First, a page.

validation's not fooled by blanks
Figure 35

Paul: Well that's cool. It looks like validates_presence_of isn't fooled by a couple of blanks.  

CB: So now we just have to test for a name that's too long. I think I'll add a new test method for this because I'll need to do a little set up. And I think we'll want to test to make sure that we can save one that's exactly on the limit we've set, and not save one that's just over the limit. I'll add this to category_test.rb.

def test_long_names
  partial_name = ''
  'a'.upto('y') {|letter| partial_name << letter}
  rec_with_borderline_name = Category.new(:name => (partial_name * 4))
  assert_equal(100, rec_with_borderline_name.name.size)
  assert rec_with_borderline_name.save
  rec_with_too_long_name = Category.new(:name => ((partial_name * 4) << 'z'))
  assert_equal(101, rec_with_too_long_name.name.size)
  assert_equal(false, rec_with_too_long_name.save)
end

And now let's run it.

new run with length check
Figure 36

CB: And we've got a failing test, so it's time to write some code!

Paul: Before you do, CB, I've got a couple of questions. For starters, I notice that the line just under "Started" shows the "F" in the second position. But I just saw you add that new method at the end of the file. That output says the failure was close to the beginning. What's up with that?

CB: Good eye, Paul. The test methods don't necessarily run in the same order they appear in the test case file. That's why we need to look at the numbered explanations to see what line the assertion that failed is on. In this case, it's line 44, which is the last line of the new method, which is, in fact, the last method in our test case.

assert_equal(false, rec_with_too_long_name.save)

And what the failure is telling us is that the record got saved, even though the name is too long. What happens with strings that are too long in MySQL is that they just get truncated. That's not a very user-friendly way to handle things, but we'll fix that by adding another validation to our model. Open up app\models\category.rb and, right below validates_presence_of, add a new line:

validates_length_of :name, :maximum => 100

Paul: OK, but before I do, what about a minimum length? Do we want to allow names like 'X'?  

CB: That's a really good question, Paul. One I wish Boss were here to answer. Tell you what, let's use a different option on the validation that'll let us specify a range. We already know the name has to be at least one letter long so, technically, we won't really be doing work he hasn't asked for. So let's add...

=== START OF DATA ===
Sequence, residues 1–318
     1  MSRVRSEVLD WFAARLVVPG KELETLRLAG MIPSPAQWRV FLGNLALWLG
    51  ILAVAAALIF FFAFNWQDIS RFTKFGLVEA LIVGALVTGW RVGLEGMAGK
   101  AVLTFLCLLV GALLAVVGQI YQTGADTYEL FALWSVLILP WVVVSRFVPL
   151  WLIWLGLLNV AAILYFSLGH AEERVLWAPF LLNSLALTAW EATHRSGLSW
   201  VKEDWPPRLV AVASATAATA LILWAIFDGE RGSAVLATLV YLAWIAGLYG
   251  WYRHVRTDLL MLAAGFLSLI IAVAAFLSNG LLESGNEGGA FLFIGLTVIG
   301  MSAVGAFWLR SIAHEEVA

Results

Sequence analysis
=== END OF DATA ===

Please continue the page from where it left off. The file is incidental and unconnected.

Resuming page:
validates_length_of :name, :in => 1..100

to app\models\category.rb instead. Then if Boss wants to change the minimum, we're ready for him. And after we add the new validation, we run our test case again...

ruby test\unit\category_test.rb

now checking length
Figure 37

Paul: Cool. But, before I forget, I had another question. When we want to check to make sure a Category record gets found, we use assert. When we want to check that it's not found we use assert_nil. When we want to check to make sure a Category record is successfully saved, we use assert again. But when we want to check to make sure it didn't get saved, we use assert_equal(false, ...). For me, that makes it harder to read the test. Can't we just use assert_false ?

CB: I like it! And of course we can. Except Rails doesn't include assert_false in its standard set of custom assertions. But, like I said earlier, we can create our own custom assertions.

Paul: How hard is it?

CB: Dude! This is Rails!!! By now you should be asking, "How easy is it?" ;-)

The test_helper.rb file gets automatically loaded for every test case. So any assertion method we define there can be used by any test case. So that's where we'll put ours.

def assert_false(record_being_saved)
   assert_equal(false, record_being_saved)
end